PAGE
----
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Tanner Ainge says he skipped the traditional delegate/convention route to get on the Republican primary ballot for one simple reason. Gathering signatures to secure a place in the primary gave him a chance at political survival.

"There was not a lot of time to figure all of this out with the way that Congressman Chaffetz decided to step down. In fact, Spencer Cox announced the rules of the special election on a Friday, and the very next day was the State Organizing Convention," said Ainge. "I went there, thinking I was going to get into the race. And, I noticed that Deidre Henderson had a full booth. The delegates were walking around carrying her maroon bags, and Brad Daw and Margaret Dayton had their full campaigns in motion. These are people who have been courting these delegates for decades."

Ainge was a guest on the "Beg to Differ podcast" with Bryan Schott and guest host State Auditor John Dougall

"I didn't see any path to advance, and in a couple of weeks, my campaign would be over," said Ainge. "I realized if I got on the ballot, I would extend my campaign and opportunity all the way through August 15th. Then I would have the opportunity to get my message out there."

Ainge is one of three Republicans vying for the GOP nomination in the special election for Utah's 3rd Congressional District. The other two are Provo Mayor John Curtis and former Utah Rep. Chris Herrod. Both Herrod and Curtis participated in the special GOP 3rd District nominating convention where Herrod prevailed. Curtis only got about 9% of the delegate vote, but he also gathered signatures to secure a place on the ballot. 

Ballots will be mailed to voters in just two weeks, giving Ainge very little time to make his pitch. How is he trying to woo those Republicans in the 3rd District? He's hoping to position himself as a fiscal conservative, drawing on his experience in the business world to help curb what he describes as Washington's spending problem.

"In the business world, you don't have the luxury of printing money or continually racking up debt. If you run deficits, you get shut down, or you go bankrupt. Washington, D.C. somehow has continued this dysfunction. I can't sit on the sidelines and watch that happen and know there's going to be this looming crisis further down the road. When you have a spending problem, you know that one day there's going to be a day of reckoning. I want to get in and start making the cuts and the changes we need to make now so that my generation doesn't continue to inherit a bigger and bigger mess."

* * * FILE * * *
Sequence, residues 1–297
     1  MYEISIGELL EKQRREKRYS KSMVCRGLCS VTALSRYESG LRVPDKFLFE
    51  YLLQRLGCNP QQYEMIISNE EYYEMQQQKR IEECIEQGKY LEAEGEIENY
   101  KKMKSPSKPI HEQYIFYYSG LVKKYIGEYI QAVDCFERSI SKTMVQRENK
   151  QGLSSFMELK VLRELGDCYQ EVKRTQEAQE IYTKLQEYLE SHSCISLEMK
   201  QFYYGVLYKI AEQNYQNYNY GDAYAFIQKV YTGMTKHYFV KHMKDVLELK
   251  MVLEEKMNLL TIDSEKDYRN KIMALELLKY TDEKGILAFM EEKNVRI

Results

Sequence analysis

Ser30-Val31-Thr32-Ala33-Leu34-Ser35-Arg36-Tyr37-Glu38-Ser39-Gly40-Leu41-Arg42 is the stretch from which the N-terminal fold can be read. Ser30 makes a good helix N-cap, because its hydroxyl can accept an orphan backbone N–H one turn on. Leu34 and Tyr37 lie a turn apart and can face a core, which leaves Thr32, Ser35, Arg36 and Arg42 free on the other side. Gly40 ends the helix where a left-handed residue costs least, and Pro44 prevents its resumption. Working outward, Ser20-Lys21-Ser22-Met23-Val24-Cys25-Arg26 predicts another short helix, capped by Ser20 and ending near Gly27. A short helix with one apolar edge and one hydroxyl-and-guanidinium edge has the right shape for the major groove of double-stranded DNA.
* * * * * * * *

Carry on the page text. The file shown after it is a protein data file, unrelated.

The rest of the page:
Ainge wants to push for entitlement reform, specifically Social Security and Medicare. While that has long been an untouchable third rail in American politics, but Ainge says it's time to start looking at reforms like means testing.

"Some of the people who have no need for that kind of income in retirement, you start means testing it. There are ways to do that in the Medicare program as well. There are other solutions, like allowing people to save more for retirement. I would support anything on a bipartisan level that would extend the solvency of that program."

Ainge also would like to see a balanced budget amendment, but acknowledges there are political hurdles to passing that in Congress. However, he is optimistic that Congress will tackle tax reform this year.

"We have the highest corporate tax rate in any developed nation, and that needs to come down," he says. "I think that we can also close some of the loopholes as we reduce the rate. On the individual tax front, we should reduce the number of tax brackets from 7 to just two or three. We need to simplify the tax code across the board. It's a 70,000-page tax code that hasn't been revised in over 30 years."